Henry Wadsworth Longfellow, ed. Poems of Places: An Anthology in 31 Volumes.
France: Vols. IX–X. 1876–79.



By Anonymous

Translated by Louisa Stuart Costello

IN Gévaudun were brothers three,

They had one sister dear;

The cruel Baron her lord must be,

And the fellest and fiercest knight is he

In the country far or near.

He beat that lovely lady sore

With a staff of the apple green,

Till her blood flowed down on the castle floor,

And from head to foot the crimson gore

On her milk-white robe was seen.

He filled a cup with her blood so red,

A cup of silver fine:

“It was for thee this wine was shed;

Come, drink it, lady mine!”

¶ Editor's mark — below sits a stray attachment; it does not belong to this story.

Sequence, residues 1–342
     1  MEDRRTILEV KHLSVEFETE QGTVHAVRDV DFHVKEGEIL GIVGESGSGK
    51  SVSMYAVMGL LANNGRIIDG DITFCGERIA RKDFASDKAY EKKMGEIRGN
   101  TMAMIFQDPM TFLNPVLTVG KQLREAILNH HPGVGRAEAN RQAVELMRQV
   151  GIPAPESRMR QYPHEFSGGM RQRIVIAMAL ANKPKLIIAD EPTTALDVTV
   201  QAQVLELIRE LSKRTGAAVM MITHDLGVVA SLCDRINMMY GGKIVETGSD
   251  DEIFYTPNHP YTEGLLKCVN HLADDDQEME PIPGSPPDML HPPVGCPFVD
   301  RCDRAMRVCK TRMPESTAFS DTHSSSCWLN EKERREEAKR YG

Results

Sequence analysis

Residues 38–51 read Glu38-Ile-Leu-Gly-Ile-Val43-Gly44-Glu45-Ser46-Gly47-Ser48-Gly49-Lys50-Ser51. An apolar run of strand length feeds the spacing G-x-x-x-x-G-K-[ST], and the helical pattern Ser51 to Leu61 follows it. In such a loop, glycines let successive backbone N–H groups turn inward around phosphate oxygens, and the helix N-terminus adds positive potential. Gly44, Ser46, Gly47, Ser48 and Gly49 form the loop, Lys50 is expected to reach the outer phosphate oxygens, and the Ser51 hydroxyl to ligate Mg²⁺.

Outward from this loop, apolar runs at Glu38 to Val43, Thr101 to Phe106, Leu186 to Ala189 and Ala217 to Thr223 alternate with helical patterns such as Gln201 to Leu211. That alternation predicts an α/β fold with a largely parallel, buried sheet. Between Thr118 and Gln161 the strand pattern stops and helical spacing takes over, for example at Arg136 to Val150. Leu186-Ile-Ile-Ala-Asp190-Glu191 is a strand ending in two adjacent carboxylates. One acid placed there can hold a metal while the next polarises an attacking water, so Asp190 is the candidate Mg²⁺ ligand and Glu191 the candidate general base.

Her robe was stained with the ruby tide

Once pure as the fleece so white;

And she hied her to the river-side

To wash in the waters bright.

While there she stood three knights so gay

Came riding bold and free.

“Ho! tell us, young serving-maiden, pray,

Where yon castle’s lady may be?”

“Alas! no serving-maid am I,

But the lady of yonder castle high!”

“O sister, sister, truly tell

Who did this wrong to thee?”

“Dear brothers, it was the husband fell

To whom you married me.”


The brothers spurred their steeds in haste

And the castle soon they gained,

From chamber to chamber they swiftly passed,

Nor paused till they reached the tower at last

Where the felon knight remained:

They drew their swords so sharp and bright,

They thought on their sister sweet;

They struck together the felon knight,

And his head rolled at their feet!